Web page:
Meditation & Health No 9 - Table of Contents

Meditation and Tea-Drinking

      The Resident Head led the two new student monks to the lodging of the Abbot, a dimly lit and sparsely furnished room. Within the four walls, other than the Buddha statue obviously meant for worship, the only furniture was a soiled bed with broken frame. This was obviously the place of retreat for on ardent spiritual cultivator. Seated in the room was a skinny old man, none other than the Meditation Master of Zhao province. However, he was not adorned with an abbots robe. Instead, all he had was old, ragged commoner clothing, and his hair was grey. He was meditating with his eyes closed, as still as the statue of Buddha. His presence gave the sense that thousands of years of happenings were all captured in his singular thought.

      Stunned by the sight, the two students stood frozen, lost for words. The speech they had prepared vanished from their minds. Only the Resident Head stepped forward to greet the Abbot.

      The Abbot slowly raised his head. He opened his eyes and examined the two students. “Have you been here before?” he asked one.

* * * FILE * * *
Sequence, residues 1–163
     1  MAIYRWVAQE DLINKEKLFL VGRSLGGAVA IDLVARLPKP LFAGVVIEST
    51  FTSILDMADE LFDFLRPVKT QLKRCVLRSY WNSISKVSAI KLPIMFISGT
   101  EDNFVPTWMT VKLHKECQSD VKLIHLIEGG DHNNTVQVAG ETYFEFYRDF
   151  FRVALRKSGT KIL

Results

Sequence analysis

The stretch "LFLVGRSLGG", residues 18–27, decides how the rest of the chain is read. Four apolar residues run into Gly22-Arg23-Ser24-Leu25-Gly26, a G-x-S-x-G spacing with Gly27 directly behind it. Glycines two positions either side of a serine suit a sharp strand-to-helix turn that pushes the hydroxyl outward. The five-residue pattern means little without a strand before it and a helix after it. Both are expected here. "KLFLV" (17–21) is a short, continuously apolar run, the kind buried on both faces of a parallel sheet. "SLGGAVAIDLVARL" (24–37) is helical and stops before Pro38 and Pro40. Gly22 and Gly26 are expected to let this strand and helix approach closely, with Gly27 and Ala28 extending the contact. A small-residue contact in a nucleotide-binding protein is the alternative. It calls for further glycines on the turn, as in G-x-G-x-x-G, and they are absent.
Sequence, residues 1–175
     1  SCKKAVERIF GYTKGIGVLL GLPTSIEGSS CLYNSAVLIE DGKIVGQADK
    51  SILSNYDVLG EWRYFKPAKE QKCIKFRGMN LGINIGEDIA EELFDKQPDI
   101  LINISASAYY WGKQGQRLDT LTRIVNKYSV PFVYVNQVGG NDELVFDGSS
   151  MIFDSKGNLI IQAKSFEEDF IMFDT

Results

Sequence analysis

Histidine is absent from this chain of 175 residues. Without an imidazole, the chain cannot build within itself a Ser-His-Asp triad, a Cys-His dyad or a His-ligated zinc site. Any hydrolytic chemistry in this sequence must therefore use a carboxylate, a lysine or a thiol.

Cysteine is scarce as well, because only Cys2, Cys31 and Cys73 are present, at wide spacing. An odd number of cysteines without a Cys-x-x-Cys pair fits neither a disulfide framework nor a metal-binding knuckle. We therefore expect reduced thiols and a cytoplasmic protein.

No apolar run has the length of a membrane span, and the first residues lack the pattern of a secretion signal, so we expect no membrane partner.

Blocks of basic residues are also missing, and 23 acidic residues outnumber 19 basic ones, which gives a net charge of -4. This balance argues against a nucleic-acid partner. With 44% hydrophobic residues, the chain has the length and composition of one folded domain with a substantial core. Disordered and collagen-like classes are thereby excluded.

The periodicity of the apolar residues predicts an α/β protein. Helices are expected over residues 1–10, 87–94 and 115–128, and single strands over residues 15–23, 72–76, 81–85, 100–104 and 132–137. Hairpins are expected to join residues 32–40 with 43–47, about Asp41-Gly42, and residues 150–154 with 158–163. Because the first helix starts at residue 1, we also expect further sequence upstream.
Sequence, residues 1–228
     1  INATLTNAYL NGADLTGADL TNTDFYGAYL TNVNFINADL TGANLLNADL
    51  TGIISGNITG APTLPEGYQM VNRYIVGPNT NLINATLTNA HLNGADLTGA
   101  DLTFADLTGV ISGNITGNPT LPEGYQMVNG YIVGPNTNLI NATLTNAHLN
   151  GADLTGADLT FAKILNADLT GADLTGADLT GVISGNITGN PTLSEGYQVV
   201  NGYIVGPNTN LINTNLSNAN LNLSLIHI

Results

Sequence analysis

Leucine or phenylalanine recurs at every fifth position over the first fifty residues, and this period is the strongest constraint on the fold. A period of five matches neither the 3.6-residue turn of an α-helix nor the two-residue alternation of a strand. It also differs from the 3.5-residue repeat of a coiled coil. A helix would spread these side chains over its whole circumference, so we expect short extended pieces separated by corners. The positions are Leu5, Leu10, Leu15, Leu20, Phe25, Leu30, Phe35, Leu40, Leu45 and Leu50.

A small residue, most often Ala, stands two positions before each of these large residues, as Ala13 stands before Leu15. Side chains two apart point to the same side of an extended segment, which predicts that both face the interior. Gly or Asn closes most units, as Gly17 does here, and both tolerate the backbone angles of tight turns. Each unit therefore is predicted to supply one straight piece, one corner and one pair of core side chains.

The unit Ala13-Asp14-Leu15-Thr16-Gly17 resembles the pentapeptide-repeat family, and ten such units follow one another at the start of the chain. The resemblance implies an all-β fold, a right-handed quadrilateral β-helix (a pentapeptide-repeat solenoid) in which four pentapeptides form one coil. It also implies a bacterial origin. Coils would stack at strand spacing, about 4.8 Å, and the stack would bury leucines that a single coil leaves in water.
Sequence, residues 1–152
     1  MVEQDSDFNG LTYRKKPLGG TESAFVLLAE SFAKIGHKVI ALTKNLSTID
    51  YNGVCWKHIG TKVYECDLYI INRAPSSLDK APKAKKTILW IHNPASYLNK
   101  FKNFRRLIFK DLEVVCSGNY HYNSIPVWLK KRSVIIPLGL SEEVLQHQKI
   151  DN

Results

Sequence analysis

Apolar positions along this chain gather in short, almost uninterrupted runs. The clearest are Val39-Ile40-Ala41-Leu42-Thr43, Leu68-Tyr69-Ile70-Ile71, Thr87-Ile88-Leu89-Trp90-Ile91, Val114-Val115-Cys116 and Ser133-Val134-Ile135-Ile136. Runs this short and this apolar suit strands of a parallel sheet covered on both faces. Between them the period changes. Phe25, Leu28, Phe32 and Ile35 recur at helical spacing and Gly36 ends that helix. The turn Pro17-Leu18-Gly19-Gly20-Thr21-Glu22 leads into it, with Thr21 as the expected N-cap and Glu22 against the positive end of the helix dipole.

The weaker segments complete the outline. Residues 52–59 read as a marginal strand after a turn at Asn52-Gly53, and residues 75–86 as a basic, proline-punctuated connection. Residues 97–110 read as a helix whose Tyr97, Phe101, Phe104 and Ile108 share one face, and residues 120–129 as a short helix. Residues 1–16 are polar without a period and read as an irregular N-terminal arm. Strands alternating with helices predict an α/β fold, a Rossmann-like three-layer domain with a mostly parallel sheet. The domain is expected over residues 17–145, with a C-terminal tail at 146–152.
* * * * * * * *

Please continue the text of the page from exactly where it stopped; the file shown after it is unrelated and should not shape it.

“No, I’ve not,” replied the student, with respectful haste.

      “Now you can go and drink tea!” the Abbot instructed.

      The student was dumbfounded.

      The Abbot then turned to ask the other student the some question, “Have you been here before?”

      The student quickly answered. “Yes.” He was beaming with eagerness to relate their last meeting when the Abbot repeated his instruction, “Go and drink tea!”

      Puzzled, the Resident Head asked, “Why do both the newcomer and the old student have to do the same thing, go and drink tea?”

      “Resident Head! Just go and drink tea!” the Abbot ordered sternly.

       The Resident Head was stunned but quickly recomposed himself, an understanding smile twitching his lips. He led the students to the tearoom.

       One of the students exclaimed, ‘What kind of meditation practice is this? There’s no Buddhist teaching being given, no direction at all! There’s no sign of enlightenment. This tea-drinking is meaningless.”

      The other student, however, went into deep contemplation over the instruction for quite a while. Then he remarked, “Perhaps this is meant to directly penetrate our thoughts. A teaching without written scripture. If Abbot says to drink tea, I’ll drink tea. After searching in the dark I’ve found a profound teacher.”

      Whenever one is embarking on a path of leaning, whether following a teacher or simply letting experience be the guide, it is imperative to set aside judgments and preconceived notions and keep an open mind. Within simplicity lies profundity. Deep meaning and learning lives not in the elaborate and complicated, but rather in going with the flow with on attitude of calm acceptance.


Meditation & Health No 9 - Table of Contents